Table of Contents

Chapter V: Building an Empire

1990-1992Queensryche circa 1991

Queensryche saw some mainstream success with Operation: Mindcrime, and naturally, many fans assumed the band would write another concept album. Well, you know the old saying about assumptions. Queensryche went the opposite direction and wrote individual songs that stood on their own merits instead of a storyline to connect them to each other. The result was Empire, Queensryche's highest-selling album to date at more than three million copies worldwide.

In an approach spearheaded by guitarist Chris DeGarmo, Queensryche maintained its high level of musicianship and integrity, but somewhat shed its heavy metal roots, catering to a more mainstream hard rock audience. In stark contrast to Operation: Mindcrime, Empire featured much warmer guitar tones and a bigger atmosphere, appealing both to audiophiles and critics.

Numerous magazines and media outlets lauded Empire for maintaining Queensryche’s musical complexity and intelligence, but delivering something accessible. Promotion of Empire was heavily backed by EMI Records from the outset and the band publicly appeared quite satisfied with the recognition the album received. For some, however, Empire was a shocking shift in style. The more hardcore heavy metal fans were soured on Queensryche’s move away from aggressive guitar riffs and songs in favor of the more melodic style of hard rock that was popular at the time.

Although not known at the time, not everyone in Queensryche was happy and confident in what they had just produced. In September 2014, 24 years after the initial release of Empire, writer Malcolm Dome unveiled an unpublished interview with DeGarmo from July 1990 in England. Titled “Queensryche: The Dark Empire,” DeGarmo reveals to Dome his frustration with his bandmates and uncertainty about what they had produced.

“Whenever we finish a record, I think it's time to leave. Or we should split up,” DeGarmo told Dome. “I am drained, and fed up. I don't have the energy to deal with the other guys. I get annoyed with them all, because I feel they've let me down. But then, I also think I've let them down. Is that the way all musicians think? It's that love/hate thing we have, isn't it? Empire is maybe the worst album we've ever made, or the best. I can't judge it.”

Most revealing in the interview is that the reader can see the seeds for DeGarmo’s eventual exit from Queensryche are firmly planted. He relates to Dome that his father left him and his mother when Chris was young and wonders if he continues the same lifestyle of trying to be the best he can be, will he follow in his father’s footsteps.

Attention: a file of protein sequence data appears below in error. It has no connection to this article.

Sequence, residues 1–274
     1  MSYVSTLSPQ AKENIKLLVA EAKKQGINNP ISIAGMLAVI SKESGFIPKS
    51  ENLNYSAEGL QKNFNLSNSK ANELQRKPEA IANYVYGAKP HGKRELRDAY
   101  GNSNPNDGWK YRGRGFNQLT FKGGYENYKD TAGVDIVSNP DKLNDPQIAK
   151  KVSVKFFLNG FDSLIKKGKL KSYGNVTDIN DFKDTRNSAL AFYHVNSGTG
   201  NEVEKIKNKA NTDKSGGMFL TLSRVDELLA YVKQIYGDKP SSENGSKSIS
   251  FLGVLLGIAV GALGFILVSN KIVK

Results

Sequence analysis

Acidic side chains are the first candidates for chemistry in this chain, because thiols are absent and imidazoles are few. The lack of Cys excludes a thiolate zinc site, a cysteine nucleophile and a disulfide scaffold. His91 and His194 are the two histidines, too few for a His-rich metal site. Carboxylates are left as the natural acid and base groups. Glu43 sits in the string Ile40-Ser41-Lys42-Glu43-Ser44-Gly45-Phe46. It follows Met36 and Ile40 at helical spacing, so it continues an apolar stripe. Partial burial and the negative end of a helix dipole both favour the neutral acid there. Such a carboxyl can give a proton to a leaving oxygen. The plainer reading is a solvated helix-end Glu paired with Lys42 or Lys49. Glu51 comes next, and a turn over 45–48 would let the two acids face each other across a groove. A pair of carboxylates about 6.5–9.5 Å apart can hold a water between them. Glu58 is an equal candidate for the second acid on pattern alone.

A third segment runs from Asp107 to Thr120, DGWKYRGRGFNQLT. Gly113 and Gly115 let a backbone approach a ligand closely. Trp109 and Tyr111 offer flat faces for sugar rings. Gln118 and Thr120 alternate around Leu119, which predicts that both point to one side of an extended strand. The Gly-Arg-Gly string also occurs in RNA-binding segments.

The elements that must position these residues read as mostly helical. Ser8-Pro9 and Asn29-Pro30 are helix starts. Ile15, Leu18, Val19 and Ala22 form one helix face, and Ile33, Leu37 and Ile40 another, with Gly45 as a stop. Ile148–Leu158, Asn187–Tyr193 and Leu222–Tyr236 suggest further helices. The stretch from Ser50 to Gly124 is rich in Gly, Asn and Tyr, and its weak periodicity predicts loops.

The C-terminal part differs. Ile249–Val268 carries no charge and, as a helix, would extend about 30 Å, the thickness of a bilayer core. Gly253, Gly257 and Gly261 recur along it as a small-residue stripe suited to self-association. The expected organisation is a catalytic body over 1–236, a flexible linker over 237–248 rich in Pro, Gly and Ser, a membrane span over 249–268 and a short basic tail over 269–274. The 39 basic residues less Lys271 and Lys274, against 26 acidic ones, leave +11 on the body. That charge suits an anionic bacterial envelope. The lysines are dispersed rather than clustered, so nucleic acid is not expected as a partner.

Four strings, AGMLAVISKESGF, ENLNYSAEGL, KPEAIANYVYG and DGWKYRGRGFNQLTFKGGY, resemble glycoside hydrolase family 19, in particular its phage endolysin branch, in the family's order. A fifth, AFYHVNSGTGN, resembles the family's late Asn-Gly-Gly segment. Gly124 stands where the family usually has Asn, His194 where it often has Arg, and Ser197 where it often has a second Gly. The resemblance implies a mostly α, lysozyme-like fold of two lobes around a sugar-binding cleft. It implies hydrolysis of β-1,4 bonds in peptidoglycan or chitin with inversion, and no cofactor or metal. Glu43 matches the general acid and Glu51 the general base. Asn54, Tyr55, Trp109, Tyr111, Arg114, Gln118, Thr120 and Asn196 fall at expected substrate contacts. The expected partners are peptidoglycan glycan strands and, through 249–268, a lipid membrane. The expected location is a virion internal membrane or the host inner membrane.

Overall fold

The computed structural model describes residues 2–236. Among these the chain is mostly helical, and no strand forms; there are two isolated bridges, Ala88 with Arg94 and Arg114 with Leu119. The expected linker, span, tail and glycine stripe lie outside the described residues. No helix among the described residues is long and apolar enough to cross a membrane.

When questioned by Dome about his future, DeGarmo admits he’s not sure what the next few years will bring.

“The way I feel right now, I don't know if I have a future, and I am not talking about just as a musician” DeGarmo said. “I am not suicidal. But I have doubts. Real doubts. I don't even know why I am talking like this – it won't make me feel any better. Probably by tomorrow, I will be upbeat and shiny again. But I always question whether I want to carry on as I am. Maybe I will pack my bags, walk out of this hotel, out of this life and start all over again. But I've not done that so far, so why would I do it now?”

DeGarmo continued on with Queensryche following the interview, his comments unknown to the general public at the time.

In total, the band released six singles from Empire: the title track, "Best I Can," "Silent Lucidity," "Jet City Woman," "Another Rainy Night (Without You)" and "Anybody Listening?" Each single had an accompanying music video and the songs received heavy airplay on MTV. “Silent Lucidity” went on to earn the band a Grammy Award nomination.

The "Building Empires" tour kicked off in Europe in November 1990, and didn't conclude until early 1992 – a span of more than 180 shows. The almost 2.5-hour spectacle featured the Operation: Mindcrime album performed in its entirety, along with a good dose of the Empire record and a couple of older tracks. Using a huge stage, laser show, synchronized video and other amenities, Queensryche concerts were no longer simple gigs. They were multi-media productions.

Once Queensryche got off the road, Empire continued to sell as “Anybody Listening?” was released as a single, including a promotional video. The band then turned its attention to performing various one-off gigs and award shows until June 1992.

Most notably, Queensryche performed an acoustic set for MTV Unplugged on April 27, 1992. The aired performance included renditions of “I Will Remember” and “The Killing Words” from Rage for Order, “Silent Lucidity” and “Della Brown” from Empire and “The Lady Wore Black” from the EP. Unaired footage of the show reveals multiple takes of all five songs, plus renditions of “Anybody Listening?” from Empire, Neil Young’s “Rockin’ in the Free World,” Simon & Garfunkel’s “Scarborough Fair,” and a humorous teaser of “Suite Sister Mary” off of Operation: Mindcrime.

Queensryche also appeared at the Rock the Environment benefit show at The Gorge, in George, Wash., on June 6, 1992. The band played an assortment of material, including an electric version of “Anybody Listening” and, for the first time since 1989, a rendition of “No Sanctuary” from The Warning. They concluded the evening by performing in a jam session with members of fellow Seattle natives Alice in Chains and Heart.

-- Brian Heaton

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